Chinese Markets Tumble As China’s GDP Failed to Lift

The China markets tumbled Monday morning after President Xi Jinping consolidated his grip on power even further by stacking the party’s most powerful decision-making body with his key allies and getting a third term in office

Hong Kong’s Hang Seng Index plunged 6% to 15,220 points in afternoon trading, the second-lowest level since the 2008 global financial crisis. Chinese tech giants Tencent and Meituan had tumbled as much as 10.2% and 13.8%, respectively. The billionaire moguls behind the companies—Tencent’s Ma Huateng and Meituan’s Wang Xing—each lost more than $1 billion of their wealth within the span of a couple hours, making them among the worst performers on the World’s Real-Time Billionaire list on Monday.

On Sunday, Xi revealed the lineup of the Politburo Standing Committee, China’s top governing body. The other six men on the committee are all seen as loyalists with close ties to Xi.

Analysts say investors are growing increasingly anxious over the new leadership’s continued regulatory pressure on private enterprises, as well as the country’s strict Covid-Zero policy which has shown no signs of letting up. In Xi’s opening speech delivered during the week-long congress, he praised China’s Covid prevention measures as a “people’s war” to fight the coronavirus and protect lives.

Those measures, coupled with an ongoing emphasis on areas such as security, regulating the housing market and promoting common prosperity, has disappointed investors who had been looking for signs of regulatory easing.

“The concern is that President Xi now has unfettered power to pass policies that are not friendly to the market,” says Justin Tang, Singapore-based head of Asian research at advisory group United First Partners.

China released stronger-than-expected GDP and other economic data on Monday, just a day after Xi Jinping clinched a historic third term in power following the conclusion of a major political gathering.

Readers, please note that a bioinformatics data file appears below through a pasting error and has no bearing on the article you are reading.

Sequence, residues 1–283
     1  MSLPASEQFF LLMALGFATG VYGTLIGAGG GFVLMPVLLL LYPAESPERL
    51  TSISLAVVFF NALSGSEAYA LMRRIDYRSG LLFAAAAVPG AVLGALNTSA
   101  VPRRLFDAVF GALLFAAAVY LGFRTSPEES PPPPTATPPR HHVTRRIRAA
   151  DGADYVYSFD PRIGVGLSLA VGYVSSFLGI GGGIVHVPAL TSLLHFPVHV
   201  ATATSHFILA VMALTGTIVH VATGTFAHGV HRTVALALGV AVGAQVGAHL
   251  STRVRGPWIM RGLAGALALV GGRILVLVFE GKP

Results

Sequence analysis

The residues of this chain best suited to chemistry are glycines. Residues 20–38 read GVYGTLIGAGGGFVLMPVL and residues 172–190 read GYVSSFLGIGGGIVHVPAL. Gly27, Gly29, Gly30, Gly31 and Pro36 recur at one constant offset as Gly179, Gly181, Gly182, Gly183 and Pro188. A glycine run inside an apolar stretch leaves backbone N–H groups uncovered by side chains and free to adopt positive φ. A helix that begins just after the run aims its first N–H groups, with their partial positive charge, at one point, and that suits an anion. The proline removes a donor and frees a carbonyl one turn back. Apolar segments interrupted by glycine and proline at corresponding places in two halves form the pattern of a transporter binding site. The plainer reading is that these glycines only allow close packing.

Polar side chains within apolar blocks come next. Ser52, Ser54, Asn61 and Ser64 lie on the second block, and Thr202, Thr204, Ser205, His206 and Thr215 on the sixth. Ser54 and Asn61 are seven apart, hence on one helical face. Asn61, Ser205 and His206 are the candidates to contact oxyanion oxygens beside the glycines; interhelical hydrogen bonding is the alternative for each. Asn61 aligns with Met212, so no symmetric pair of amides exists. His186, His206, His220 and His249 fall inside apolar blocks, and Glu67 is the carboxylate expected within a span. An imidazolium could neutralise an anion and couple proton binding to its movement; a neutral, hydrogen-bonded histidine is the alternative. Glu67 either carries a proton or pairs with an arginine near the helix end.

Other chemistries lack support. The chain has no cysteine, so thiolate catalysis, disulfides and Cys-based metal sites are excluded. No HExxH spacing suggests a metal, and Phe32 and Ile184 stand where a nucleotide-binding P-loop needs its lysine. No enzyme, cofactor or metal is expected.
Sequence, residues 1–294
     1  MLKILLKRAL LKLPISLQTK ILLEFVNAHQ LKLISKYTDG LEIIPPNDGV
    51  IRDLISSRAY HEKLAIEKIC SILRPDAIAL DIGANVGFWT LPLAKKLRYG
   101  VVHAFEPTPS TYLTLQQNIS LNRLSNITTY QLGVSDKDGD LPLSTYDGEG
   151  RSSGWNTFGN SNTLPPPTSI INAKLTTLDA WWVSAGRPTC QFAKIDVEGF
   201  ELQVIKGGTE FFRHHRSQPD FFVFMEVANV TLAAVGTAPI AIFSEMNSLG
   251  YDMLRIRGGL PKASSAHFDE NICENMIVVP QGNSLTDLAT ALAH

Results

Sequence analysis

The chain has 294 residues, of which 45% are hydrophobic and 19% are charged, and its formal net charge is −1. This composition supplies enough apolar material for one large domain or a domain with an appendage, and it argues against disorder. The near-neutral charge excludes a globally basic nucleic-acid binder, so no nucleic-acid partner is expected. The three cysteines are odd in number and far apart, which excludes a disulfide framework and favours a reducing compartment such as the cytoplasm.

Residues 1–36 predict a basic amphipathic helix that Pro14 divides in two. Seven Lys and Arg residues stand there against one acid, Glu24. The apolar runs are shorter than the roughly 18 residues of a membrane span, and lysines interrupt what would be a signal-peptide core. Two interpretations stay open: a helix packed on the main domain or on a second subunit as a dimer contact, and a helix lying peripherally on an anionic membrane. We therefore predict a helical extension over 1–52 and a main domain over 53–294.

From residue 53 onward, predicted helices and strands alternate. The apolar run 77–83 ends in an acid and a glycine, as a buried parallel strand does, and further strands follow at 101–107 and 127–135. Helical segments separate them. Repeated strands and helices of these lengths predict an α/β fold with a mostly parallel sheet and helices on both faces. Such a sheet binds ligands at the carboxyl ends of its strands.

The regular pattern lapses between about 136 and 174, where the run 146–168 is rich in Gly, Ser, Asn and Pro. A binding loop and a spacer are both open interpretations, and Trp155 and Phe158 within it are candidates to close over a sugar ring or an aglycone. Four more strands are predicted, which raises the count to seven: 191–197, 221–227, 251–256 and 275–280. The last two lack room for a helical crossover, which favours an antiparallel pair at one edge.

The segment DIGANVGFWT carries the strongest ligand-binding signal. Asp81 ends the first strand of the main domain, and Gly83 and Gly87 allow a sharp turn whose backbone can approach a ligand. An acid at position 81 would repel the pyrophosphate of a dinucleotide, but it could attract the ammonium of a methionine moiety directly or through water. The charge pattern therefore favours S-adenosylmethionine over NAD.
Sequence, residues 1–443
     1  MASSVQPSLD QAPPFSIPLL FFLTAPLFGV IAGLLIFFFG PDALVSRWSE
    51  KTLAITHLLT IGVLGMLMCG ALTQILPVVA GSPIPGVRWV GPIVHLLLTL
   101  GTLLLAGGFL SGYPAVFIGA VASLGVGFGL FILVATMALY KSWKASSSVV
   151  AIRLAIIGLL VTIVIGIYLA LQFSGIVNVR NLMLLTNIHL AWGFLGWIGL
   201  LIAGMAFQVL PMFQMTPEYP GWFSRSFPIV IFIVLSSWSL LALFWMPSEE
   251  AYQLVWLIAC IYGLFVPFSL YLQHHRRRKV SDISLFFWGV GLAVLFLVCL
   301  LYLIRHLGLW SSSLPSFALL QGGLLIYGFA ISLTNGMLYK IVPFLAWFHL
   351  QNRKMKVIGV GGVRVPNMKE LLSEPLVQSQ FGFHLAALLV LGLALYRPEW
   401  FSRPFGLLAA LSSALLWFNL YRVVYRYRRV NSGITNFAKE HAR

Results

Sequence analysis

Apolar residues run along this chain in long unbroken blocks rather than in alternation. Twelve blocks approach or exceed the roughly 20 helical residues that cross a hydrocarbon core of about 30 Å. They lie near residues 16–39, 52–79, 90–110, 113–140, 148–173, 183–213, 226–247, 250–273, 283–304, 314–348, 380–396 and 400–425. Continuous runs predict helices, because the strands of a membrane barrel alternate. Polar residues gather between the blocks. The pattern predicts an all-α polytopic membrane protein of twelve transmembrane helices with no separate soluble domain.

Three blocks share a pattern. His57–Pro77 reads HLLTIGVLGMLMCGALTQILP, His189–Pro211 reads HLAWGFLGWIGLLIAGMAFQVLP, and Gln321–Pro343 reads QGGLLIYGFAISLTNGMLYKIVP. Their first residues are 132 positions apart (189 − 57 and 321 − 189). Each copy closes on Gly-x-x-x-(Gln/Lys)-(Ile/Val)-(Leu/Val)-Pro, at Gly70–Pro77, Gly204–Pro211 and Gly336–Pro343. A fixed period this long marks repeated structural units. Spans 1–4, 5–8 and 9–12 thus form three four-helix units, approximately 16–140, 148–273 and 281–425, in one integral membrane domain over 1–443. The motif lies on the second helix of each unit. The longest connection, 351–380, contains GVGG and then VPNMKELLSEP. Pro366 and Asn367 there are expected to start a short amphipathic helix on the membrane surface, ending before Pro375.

But foreign investors were still spooked and dumped Chinese equities in overseas markets, concerned that Xi’s tightening grip on power will lead to an escalation in Beijing’s existing policies and further dent the economy.

China’s GDP grew 3.9% in the third quarter from a year ago, beating market expectations, the National Bureau of Statistics announced on Monday. Previously, a Reuters poll of economists had expected growth of 3.4%.

That marked a pick-up from the 0.4% increase in the second quarter, when China’s economy was battered by widespread Covid lockdowns. Shanghai, the nation’s financial center and a key global trade hub, was shut down for two months in April and May.

But the newly released 3.9% growth rate was still below the annual official target that the government set earlier this year.

“The outlook remains gloomy,” said Julian Evans-Pritchard, senior China economist for Capital Economics, in a research report on Monday.

The outlook remains gloomy,” said Julian Evans-Pritchard, senior China economist for Capital Economics, in a research report on Monday.

“There is no prospect of China lifting its zero-Covid policy in the near future, and we don’t expect any meaningful relaxation before 2024,” he added.

●Stocks, yuan extend losses Monday as Party congress ends
●Traders worry leadership filled with Xi allies may disappoint

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